For the whole ecosystem of independent performers and presenters, for example those at the Fringe who self-finance, the potential losses are substantially higher and will have a devastating effect on cultural venues and independent artists for years to come. Potential ticketing income losses are in excess of £30m across the Fringe and in most cases reflects well over 70% of total income for artists and venues.
The Fringe is made up of hundreds of SMEs and entrepreneurial creative talent and is supported by a network of trades and industry, much of which is local and relies on the spike of available work in August to sustain their business year-round.
• What lessons can be learnt from how DCMS, arms-length bodies and the sector have dealt with Covid-19?
The Fringe supports so many creative livelihoods well beyond three weeks in August, and yet the Society finds itself in a situation where, unlike other festivals that are in receipt of public funding, we are facing insolvency. It is unconceivable that the UKs most important cultural festival, which attract such a high social, creative and economic impact is facing a precarious, fragile and uncertain future.
• How might the sector evolve after Covid-19, and how can DCMS support such innovation to deal with future challenges?
If the Fringe Society survives the current crises, we already are looking to technological solutions and innovations to develop the Fringe into a more sustainable model. There is already a proposition sitting with DCMS to support the UK creatives participating at the Fringe, enhancing our ability to promote the work more successfully at the UKs premium arts marketplace. With over 3,200 shows appearing the UK (over 2,000 from England) It is important the UK Government recognises the Fringe for what it is, and does, for the UKs cultural sector. Ongoing DCMS core support could be transformative to the creative and culture sector across the whole of the UK.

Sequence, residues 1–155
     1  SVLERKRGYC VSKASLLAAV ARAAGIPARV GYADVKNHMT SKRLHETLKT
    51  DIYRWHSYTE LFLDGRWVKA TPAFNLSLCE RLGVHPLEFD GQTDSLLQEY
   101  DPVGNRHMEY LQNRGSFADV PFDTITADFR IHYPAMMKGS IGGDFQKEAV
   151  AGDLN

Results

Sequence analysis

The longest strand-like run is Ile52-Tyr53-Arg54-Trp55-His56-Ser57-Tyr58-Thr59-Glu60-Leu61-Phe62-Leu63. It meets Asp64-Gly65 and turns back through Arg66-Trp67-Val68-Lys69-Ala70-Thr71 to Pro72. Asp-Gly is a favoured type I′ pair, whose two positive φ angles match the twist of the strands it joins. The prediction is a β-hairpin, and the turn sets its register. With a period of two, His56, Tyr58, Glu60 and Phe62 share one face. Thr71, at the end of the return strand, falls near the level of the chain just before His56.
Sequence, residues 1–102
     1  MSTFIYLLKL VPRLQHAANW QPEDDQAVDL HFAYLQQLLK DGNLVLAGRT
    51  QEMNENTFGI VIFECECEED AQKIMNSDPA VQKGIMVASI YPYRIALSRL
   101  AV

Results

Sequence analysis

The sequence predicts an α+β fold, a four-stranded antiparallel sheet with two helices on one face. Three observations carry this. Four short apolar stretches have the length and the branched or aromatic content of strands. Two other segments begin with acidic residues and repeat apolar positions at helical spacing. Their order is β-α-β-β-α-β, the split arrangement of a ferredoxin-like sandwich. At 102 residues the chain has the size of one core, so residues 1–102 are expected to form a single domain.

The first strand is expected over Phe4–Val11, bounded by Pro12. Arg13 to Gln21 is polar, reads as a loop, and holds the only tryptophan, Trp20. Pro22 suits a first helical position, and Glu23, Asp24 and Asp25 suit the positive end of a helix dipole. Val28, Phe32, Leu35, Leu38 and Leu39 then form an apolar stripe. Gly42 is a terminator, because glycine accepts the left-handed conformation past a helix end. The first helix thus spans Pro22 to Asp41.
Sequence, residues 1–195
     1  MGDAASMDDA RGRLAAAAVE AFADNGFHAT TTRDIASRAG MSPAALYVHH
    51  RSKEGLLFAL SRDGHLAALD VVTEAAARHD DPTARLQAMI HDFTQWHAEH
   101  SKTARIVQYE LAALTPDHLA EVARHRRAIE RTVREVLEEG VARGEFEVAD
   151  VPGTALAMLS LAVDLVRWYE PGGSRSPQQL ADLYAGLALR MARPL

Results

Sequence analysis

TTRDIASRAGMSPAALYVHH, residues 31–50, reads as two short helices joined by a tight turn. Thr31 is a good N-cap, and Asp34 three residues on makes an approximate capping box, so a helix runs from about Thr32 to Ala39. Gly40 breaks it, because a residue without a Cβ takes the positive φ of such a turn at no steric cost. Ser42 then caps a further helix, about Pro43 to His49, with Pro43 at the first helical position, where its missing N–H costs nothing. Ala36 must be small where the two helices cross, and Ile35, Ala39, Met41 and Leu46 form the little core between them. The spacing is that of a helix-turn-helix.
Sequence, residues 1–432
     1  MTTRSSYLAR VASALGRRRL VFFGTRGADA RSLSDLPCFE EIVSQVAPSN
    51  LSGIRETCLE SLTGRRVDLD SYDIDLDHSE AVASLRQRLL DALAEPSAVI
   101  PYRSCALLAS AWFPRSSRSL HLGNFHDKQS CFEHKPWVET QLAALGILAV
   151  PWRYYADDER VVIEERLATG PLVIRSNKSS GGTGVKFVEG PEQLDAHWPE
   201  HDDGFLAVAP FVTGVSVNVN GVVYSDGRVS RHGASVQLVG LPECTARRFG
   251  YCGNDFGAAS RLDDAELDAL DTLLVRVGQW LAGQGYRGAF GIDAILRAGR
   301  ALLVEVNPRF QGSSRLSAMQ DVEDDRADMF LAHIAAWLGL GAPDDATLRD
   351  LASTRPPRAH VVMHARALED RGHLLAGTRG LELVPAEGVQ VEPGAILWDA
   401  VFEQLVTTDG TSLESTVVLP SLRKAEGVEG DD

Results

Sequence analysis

A strengthened Fringe Society (which would lead to a strengthened Fringe) and would reduce its reliance on single sources of income. Our futureproofing and resilience will require a more mixed economy model
The Edinburgh Festival Fringe Society delivers by far the greater economic impact and global reputation than any other festival in the UK. The provision of a UK core grant annually would provide an underlying stability to our charitable purposes and public good.
This would enable us to cap our market share of the Fringe box office and therefore take less from the wider Fringe eco-system and providing more kick-back to artists, producers and venue operators. We could also reduce registration fees for artists and companies.